Direct Line Blog

An agency exec's thoughts on Google+

Share this article:

A couple weeks ago, I spoke with Scott Symonds, general manager of media, search and analytics, at AKQA Media, for a Q&A to run in our September issue. But as often happens, I couldn't squeeze all of the 20-minute interview into a 450-ish word story. You can read Symonds' thoughts on TV ad spending and online video innovation in a few weeks, but to hold you over I offer this excerpt on Google+. Enjoy.

Direct Marketing News: Social media's all the rage among marketers, but are we hitting a point where brands need to trim the fat and not necessarily be on Facebook, Twitter, YouTube, Foursquare, Scvngr, Instagram and now Google+?

Symonds: I don't think consumers have 20% more time in their day to spend online on Google+. I think Google+ will have to take from Twitter, Facebook and LinkedIn to be successful, obviously. We can't keep piling these things on and adding time. But I'm sure you've seen the numbers; Google+ is already claiming 20 million users and an incredibly attractive demographic of 25-to-34 [year-old consumers]. So it's already compelling as a media property. [But] we need to figure out when and why to use it versus Facebook, or to complement Facebook or to complement Twitter. That's still what we're figuring out right now.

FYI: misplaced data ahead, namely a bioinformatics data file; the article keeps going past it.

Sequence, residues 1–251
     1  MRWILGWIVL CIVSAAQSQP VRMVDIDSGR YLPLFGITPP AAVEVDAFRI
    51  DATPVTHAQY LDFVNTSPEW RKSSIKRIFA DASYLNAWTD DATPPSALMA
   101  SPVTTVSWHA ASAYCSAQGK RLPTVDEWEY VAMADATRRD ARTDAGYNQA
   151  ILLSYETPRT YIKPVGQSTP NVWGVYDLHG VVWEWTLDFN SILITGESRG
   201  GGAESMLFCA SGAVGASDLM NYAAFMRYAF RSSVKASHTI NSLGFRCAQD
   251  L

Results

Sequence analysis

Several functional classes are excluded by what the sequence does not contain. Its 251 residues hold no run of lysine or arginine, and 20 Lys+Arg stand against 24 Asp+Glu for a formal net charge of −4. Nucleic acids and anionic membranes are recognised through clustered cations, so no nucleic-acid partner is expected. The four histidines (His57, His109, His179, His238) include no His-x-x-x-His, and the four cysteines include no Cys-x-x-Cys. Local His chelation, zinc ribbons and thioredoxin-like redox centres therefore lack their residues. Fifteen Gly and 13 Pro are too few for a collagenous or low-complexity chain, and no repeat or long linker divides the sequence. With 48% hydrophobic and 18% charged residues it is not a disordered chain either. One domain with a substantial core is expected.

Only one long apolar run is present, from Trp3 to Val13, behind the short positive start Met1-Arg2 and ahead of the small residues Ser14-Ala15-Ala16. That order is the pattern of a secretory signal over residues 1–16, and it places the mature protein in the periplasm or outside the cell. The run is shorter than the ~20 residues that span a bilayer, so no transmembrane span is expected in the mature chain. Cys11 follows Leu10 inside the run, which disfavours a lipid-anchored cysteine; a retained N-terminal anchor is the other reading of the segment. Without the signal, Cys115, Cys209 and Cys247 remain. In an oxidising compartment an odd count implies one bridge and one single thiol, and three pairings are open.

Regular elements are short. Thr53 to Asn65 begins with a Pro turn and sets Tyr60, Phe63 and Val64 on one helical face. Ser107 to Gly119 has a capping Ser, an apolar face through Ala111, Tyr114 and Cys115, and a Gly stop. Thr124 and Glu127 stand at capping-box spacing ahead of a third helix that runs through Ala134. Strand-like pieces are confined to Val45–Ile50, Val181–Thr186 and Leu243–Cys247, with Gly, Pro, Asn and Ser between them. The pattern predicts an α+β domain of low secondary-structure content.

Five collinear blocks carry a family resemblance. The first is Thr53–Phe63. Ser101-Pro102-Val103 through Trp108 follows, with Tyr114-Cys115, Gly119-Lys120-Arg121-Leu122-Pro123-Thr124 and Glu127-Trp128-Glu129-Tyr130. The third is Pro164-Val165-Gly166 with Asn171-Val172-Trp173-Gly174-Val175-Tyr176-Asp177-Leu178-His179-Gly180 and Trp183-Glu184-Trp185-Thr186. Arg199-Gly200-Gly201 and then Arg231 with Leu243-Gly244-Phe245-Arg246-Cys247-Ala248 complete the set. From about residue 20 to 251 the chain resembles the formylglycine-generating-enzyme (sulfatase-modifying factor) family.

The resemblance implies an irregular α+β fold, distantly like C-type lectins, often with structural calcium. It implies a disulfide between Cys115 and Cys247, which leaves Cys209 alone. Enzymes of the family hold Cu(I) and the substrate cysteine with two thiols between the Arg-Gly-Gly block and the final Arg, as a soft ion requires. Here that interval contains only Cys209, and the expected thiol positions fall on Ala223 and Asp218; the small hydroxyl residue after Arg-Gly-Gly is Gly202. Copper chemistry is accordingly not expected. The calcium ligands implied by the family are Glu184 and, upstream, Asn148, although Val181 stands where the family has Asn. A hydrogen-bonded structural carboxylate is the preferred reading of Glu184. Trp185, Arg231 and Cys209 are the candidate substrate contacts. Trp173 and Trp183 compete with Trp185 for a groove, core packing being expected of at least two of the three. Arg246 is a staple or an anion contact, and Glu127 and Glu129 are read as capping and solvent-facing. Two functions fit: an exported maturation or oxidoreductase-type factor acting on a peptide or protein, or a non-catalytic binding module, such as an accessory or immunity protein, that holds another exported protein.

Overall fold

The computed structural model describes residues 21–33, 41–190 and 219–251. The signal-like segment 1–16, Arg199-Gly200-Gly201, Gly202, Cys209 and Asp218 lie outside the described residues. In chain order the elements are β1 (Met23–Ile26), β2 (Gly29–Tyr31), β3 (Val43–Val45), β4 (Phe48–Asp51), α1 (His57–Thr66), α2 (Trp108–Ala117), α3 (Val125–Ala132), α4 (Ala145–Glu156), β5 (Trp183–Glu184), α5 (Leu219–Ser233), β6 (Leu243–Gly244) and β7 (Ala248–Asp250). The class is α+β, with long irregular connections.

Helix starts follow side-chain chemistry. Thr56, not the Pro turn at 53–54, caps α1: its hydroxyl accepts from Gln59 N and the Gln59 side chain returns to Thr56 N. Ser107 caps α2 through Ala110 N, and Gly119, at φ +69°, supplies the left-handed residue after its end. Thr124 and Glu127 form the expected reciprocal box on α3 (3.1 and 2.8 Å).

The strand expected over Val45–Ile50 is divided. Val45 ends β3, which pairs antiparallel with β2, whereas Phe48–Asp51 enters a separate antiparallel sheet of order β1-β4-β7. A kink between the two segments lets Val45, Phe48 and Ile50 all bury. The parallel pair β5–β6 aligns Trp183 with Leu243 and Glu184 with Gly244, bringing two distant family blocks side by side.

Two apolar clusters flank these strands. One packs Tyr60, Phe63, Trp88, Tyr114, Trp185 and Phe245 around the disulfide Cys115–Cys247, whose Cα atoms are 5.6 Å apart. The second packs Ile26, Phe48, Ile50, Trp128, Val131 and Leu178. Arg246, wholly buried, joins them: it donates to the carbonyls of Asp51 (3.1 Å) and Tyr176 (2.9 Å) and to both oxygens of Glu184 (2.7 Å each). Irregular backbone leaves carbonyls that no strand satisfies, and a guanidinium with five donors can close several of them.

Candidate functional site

DMN: I imagine it's a bit of a relief that there's a holding period to keep brands from setting up Google+ profiles. What are you hearing from your clients about their plans?

Symonds: What should we do is the question. I think you're right. There's a slight bit of relief that it's still in beta and [Google is blocking brand activity]. We still need to figure out what the application is for Google+, to complement or extend or replace the initiatives that we have in place for clients.

DMN: Since Facebook was a closed network for years, advertisers were able to come in to a more or less mature ecosystem that showed them off the bat how consumers were using Facebook. To a lesser extent, Twitter was the same thing. With Google+, it doesn't seem like there's going to be that solid of a foundation in use cases. How will that impact the advertisers' adoption?

Symonds: Like you said, we do have the precedents of even MySpace, Facebook and Twitter. I think that's what we'll do. [Google+] seems to have communication similarities with Twitter and even with some of the IM clients [through] the video chatting [functionality]. So we're looking at with those as precedent, certainly noting the scale and engagement potential we see in Facebook and figuring out how we bring that to Google. But like you say, we have less of a runway as far as behavior to monitor this. We sort of have to take the greatest hits we've seen on Twitter, Facebook and elsewhere. The good news is we feel like we can probably steer it a lot. It definitely is somewhat malleable because there is such freshness. I think we're starting to distill some human behavior truths from social. We believe in the value that peer endorsement is valuable. We know there's an extension of messaging when you present something compellingly to a direct-target audience. Those are lessons learned that will apply to Google+ out of the gate.